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Cover Up


Bob Trotman (American, 1947 - present)

Combining wood’s visual warmth and frankness with a
startling sense of isolation, Bob Trotman conveys a variety of
narratives about the masks and personas that are taken on
when working within a competitive organization. Cover Up was
inspired by a scene from Sergei Eisenstein’s iconic 1925 film
The Battleship Potemkin, in which mutinous crew members
are shrouded by a tarpaulin before facing a firing squad. As
in Eisenstein’s film, the shrouded figures of Cover Up could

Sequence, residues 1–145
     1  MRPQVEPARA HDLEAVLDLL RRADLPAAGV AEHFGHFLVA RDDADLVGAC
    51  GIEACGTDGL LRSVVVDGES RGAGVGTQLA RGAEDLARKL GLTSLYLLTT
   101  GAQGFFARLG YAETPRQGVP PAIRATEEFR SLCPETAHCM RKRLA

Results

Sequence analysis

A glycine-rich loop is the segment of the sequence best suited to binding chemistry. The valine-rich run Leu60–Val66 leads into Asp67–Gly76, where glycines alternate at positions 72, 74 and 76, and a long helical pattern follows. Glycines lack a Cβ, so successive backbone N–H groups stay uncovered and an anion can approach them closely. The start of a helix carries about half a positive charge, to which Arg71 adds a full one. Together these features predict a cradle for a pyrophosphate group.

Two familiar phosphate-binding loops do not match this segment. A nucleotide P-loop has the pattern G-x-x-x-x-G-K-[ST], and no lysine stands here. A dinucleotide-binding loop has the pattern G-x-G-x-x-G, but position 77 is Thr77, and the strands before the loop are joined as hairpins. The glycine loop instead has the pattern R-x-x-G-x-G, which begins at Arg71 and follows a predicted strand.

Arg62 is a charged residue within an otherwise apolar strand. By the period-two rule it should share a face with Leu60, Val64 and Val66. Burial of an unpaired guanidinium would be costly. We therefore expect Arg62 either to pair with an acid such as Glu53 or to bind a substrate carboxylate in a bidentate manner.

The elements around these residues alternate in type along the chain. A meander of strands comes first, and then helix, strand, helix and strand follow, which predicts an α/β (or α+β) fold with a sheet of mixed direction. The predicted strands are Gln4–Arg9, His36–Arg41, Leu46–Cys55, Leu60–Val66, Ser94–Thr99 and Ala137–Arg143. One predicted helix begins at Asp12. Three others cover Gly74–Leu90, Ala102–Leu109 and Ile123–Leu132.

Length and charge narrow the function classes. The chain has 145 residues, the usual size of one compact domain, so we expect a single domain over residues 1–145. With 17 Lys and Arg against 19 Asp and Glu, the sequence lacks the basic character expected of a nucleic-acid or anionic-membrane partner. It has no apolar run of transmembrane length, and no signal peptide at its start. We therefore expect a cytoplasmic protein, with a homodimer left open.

represent sacrificial victims, those scapegoated to serve as
a ritualistic purging of collective wrongdoing. The diminutive
scale of the figures could signify the shame or denial of what
secret thing has transpired and must remain hidden, or imply
something adolescent and underdeveloped—children dressed
in business attire playing a collective game of hide–and–seek.

wood, tempera, wax

Measurements:    height: 61 inches    width: 30 inches    depth: 30 inches

Museum Purchase: funds provided by the Goodrich Foundation, Suzanne Crist Botts in memory of John Crist, John and Judith Alexander, Selena Beaudry and Gray Ellison, Gwen Bland, Bee and Chris Jensen, Sonia and Isaac Luski, Larry Brady, contributions from the Contemporary Coalition, and exchange funds from the gifts of various donors 2010.71 © 2008, Bob Trotman

Currently on view at Mint Museum UPTOWN